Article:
Jules liked that treat, it’s all over her beard!

Do Chickens Have Teeth?

So chickens have tongues and taste buds, but do they have teeth?

No. Teeth are primarily designed to kickstart food digestion by breaking food into smaller particles, but chickens use a different method for digesting food, called a gizzard. This organ is a muscular part of the digestive system that holds small stones and grit that the birds eat, which help to grind up food.

Teeth are also used to grab and tear food, when faced with an extra large bite of food, chickens peck at it with their strong beaks to break it into smaller, more edible pieces.

When chickens eat, the tongue helps to swallow food and it is directed to the crop, which is like a first stomach. In the crop, the foods are coated with a digestive enzyme to begin the breakdown, but most of the digestion occurs in the gizzard due to the mechanical grinding of the food.

Chickens eating a pumpkin.

What Do Chickens Use Their Tongues For?

Since they can’t lavish you with puppy kisses, you might be wondering what does a chicken’s tongue actually do?

Tasting:

We know now that chickens have taste buds on their tongues, and to some extent, they use their tongues to taste their food. This may be an evolutionary adaptation allowing them to taste to see if things are edible or toxic.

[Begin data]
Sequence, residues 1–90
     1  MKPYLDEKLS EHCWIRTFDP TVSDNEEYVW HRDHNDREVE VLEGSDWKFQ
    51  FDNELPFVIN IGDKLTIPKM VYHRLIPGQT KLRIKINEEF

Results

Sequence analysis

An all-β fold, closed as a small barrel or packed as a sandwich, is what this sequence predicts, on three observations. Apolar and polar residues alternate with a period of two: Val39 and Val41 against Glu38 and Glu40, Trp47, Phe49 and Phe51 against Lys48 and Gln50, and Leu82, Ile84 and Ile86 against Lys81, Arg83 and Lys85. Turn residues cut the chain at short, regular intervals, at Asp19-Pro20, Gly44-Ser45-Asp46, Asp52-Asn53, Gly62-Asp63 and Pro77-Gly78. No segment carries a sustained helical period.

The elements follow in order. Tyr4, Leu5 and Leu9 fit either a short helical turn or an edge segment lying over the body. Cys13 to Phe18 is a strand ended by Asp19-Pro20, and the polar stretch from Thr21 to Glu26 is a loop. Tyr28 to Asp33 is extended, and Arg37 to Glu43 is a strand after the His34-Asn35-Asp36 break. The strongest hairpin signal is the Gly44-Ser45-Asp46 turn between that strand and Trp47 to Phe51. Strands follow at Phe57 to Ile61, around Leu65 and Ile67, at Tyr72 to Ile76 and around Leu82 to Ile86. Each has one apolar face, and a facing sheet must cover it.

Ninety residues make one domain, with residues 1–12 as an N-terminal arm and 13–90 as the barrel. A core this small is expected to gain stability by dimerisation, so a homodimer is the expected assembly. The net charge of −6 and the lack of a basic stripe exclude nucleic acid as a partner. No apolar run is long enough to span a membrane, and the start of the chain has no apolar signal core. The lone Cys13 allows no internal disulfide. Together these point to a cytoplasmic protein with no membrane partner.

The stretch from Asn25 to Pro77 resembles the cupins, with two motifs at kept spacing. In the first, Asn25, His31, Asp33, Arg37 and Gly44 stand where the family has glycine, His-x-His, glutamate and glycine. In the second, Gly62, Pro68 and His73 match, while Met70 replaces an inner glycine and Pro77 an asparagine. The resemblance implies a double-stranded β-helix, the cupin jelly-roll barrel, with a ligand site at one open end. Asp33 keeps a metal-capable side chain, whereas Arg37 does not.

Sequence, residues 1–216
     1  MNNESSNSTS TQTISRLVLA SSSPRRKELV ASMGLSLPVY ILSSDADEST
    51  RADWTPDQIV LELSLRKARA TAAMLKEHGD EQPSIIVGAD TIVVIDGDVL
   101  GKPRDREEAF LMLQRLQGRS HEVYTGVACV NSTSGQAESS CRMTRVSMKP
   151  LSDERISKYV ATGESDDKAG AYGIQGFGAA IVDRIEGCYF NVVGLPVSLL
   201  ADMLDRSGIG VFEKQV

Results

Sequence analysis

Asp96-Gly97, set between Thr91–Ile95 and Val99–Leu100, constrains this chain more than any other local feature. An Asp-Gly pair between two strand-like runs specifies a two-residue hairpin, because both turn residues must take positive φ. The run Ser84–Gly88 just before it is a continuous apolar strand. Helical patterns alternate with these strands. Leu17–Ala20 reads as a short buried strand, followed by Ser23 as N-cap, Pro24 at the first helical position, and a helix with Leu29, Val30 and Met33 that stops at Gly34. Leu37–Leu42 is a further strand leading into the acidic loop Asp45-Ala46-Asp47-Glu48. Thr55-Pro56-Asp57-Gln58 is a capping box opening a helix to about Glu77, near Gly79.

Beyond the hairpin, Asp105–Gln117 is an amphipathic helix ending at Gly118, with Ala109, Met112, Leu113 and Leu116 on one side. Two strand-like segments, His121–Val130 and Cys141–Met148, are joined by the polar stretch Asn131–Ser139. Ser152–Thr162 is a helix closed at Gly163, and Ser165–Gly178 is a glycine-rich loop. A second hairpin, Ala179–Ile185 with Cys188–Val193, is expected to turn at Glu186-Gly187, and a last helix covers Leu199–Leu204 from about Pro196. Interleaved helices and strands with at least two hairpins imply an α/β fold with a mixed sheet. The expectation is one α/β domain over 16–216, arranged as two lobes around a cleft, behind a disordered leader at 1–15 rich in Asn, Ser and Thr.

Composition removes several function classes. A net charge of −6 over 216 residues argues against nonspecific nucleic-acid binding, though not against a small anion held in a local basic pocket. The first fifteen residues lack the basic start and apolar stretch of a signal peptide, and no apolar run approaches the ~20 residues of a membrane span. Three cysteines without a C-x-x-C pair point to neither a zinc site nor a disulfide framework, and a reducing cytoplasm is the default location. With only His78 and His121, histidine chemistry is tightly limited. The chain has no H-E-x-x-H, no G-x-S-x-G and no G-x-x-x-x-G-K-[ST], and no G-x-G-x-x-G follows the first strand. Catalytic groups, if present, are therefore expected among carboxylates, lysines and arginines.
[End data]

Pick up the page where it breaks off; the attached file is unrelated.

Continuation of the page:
Swallowing:

Chickens have evolved over time so that their tongues no longer need to move food around in their mouth as much as other mammals do because of the gizzard we mentioned earlier. But that isn’t to say that chickens don’t use their tongues to assist with eating.

These peck-feeding birds break up large pieces and pick up food with their beaks. They must use their tongues to help move the food to the esophagus so that it can be swallowed. This is why the texture of the tongue is so important, keeping food from sliding back to the front of the beak.

If you’ve seen the family dog drink water you might be wondering if the chickens use their tongues to help drink, but the answer to that is no. Chickens drink by scooping water into their beak and tipping their heads back to swallow – no thanks to their tongues!

Chickens eating.

Communication:

Chickens are very social animals. They use a variety of physical and vocal cues to communicate with each other. In order to make sounds, chickens push air out of their body causing membranes to vibrate, creating noise. They can control the sound by controlling the muscles of the syrinx.

I believe, possibly wrongly, that chickens use their tongues to further fine-tune communications. The more time you spend with your chooks, the more you’ll agree with me.

From roosters helping first-time layers by purring to them, to hens singing the egg song, to the constant chatter from the coop, there are so many different sounds, it would be hard to believe the tongue doesn’t have something to do with it.

Chicken bawking.

What Heath Issues Can Affect Your Chicken’s Tongue?

Black Tongue:

Niacin deficiency in chicks can cause “black tongue“. This vitamin deficiency can be prevented by feeding chickens a balanced diet with sufficient niacin. In laying hens, niacin deficiency can cause weight loss, reduced egg production, and poor hatch rates.

Fowl Pox:

The fowl pox virus is pretty foul! It causes crusty lesions on the unfeathered areas of your bird, they are often seen on the comb and waddles and look similar to chicken pox. The lesions can also affect the mouth and tongue.

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One Comment

  1. Yes very important for what I term ‘tongue food’ lie pin size crumbs or insects which requires a combination of tongue as well as their beaks.